IP Essentials: Q&A Series

Q What does it mean if an invention has “absolute novelty”? A Most countries require “absolute novelty” of an invention before filing a patent application. Patent rights in these jurisdictions may be jeopardized if there is any disclosure or sale of the invention prior to filing a patent application. Q How can I market-test my product without triggering the “on-sale” bar? A Certain prior public uses may not trigger the one-year “on- sale” bar if it qualifies as an allowable experimental use. If, for example, a public use is performed solely for the purpose of perfecting the invention and remains confidential and under the control of the inventor. Q How long does a patent last? A As a general rule, utility patents filed now, have a life of twenty years from the date of filing of the earliest non- provisional application to which it claims priority. You may also get some additional time as patent term extension if the grant of the patent is delayed by the patent office’s examination process. Design patents filed now, generally have a term of fifteen years from issuance.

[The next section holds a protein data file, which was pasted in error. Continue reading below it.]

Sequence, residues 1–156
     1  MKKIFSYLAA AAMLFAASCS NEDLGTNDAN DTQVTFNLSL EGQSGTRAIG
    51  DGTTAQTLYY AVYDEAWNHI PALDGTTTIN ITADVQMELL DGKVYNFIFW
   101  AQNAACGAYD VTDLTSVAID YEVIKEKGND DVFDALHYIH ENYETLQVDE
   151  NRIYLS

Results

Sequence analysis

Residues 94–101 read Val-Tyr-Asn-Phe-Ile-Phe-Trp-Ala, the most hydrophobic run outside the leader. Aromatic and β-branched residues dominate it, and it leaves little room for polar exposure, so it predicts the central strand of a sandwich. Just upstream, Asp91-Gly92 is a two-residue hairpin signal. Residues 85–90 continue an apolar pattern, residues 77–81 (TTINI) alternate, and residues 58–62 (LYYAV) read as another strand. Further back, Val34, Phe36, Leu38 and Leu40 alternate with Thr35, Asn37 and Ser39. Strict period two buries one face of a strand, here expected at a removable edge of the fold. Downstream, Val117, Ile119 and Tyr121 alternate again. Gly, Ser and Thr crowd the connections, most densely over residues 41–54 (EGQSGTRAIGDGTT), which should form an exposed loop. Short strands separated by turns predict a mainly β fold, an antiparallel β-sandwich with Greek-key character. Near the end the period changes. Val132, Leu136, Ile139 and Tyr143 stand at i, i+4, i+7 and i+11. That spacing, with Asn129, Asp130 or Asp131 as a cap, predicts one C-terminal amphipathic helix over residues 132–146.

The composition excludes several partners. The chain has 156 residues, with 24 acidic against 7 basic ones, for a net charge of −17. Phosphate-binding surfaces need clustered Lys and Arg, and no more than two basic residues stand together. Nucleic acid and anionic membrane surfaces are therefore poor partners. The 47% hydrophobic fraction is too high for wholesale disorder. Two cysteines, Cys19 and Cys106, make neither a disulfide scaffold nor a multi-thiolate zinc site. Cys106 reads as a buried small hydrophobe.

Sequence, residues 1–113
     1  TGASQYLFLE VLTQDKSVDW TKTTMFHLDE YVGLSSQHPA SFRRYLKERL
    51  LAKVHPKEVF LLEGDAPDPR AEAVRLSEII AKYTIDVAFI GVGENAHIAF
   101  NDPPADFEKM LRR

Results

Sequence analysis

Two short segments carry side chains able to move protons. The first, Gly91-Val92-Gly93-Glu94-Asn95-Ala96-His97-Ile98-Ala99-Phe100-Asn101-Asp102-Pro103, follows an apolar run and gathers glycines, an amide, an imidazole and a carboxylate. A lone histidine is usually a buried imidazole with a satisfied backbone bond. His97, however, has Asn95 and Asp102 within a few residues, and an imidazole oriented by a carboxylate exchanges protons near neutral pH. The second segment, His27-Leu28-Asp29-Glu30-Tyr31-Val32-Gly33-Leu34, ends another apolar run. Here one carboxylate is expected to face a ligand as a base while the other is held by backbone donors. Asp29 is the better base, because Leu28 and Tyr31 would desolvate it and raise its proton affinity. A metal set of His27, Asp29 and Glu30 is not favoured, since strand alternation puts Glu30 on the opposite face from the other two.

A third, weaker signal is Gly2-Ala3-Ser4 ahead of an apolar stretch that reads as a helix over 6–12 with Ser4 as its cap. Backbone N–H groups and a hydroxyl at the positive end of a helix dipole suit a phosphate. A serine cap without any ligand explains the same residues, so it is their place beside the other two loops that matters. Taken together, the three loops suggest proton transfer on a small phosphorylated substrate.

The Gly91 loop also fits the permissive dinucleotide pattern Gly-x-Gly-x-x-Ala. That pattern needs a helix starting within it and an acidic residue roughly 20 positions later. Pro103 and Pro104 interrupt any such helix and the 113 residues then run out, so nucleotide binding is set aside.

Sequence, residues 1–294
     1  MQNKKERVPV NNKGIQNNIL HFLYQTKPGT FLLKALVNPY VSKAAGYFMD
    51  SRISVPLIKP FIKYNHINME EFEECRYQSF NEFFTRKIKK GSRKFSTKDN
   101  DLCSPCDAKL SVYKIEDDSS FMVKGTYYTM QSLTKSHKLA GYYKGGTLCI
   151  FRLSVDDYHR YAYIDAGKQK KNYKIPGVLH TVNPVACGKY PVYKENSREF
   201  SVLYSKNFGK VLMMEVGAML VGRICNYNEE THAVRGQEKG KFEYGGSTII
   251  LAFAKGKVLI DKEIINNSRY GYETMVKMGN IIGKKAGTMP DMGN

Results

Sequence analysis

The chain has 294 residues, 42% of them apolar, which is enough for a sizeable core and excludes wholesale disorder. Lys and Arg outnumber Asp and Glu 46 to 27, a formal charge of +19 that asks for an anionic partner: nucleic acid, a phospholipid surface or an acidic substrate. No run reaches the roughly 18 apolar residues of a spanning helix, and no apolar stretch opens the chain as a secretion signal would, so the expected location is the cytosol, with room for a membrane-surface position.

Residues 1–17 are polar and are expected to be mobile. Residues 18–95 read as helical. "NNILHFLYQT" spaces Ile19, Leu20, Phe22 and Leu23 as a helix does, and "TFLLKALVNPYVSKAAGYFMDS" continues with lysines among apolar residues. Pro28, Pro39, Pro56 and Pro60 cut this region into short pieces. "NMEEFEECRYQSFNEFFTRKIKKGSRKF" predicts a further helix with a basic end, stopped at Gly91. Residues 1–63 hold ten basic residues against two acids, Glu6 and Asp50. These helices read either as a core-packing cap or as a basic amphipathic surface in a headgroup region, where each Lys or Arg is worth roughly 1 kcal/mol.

Q Does my U.S. patent protect me in foreign countries? A Your U.S. patent does not protect you in any foreign countries. In order to be protected in foreign countries you will have to file a separate patent application in each of the countries that you want patent protection in. Q If two people invent the same thing, who is awarded the patent and is keeping a record of my invention important? A In the United States, patents are awarded to the first inventor to file a patent application. Nevertheless, it is important to maintain accurate records of invention disclosures, such as lab notebooks or an equivalent record keeping, which may be important evidence for future patent disputes. Q How can I tell if my invention is patentable or is already patented? A You can perform a preliminary patent search online. The best way to determine if your invention is patent eligible or is already patented would be to consult a patent attorney.

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IP ESSENTIALS: PATENTS

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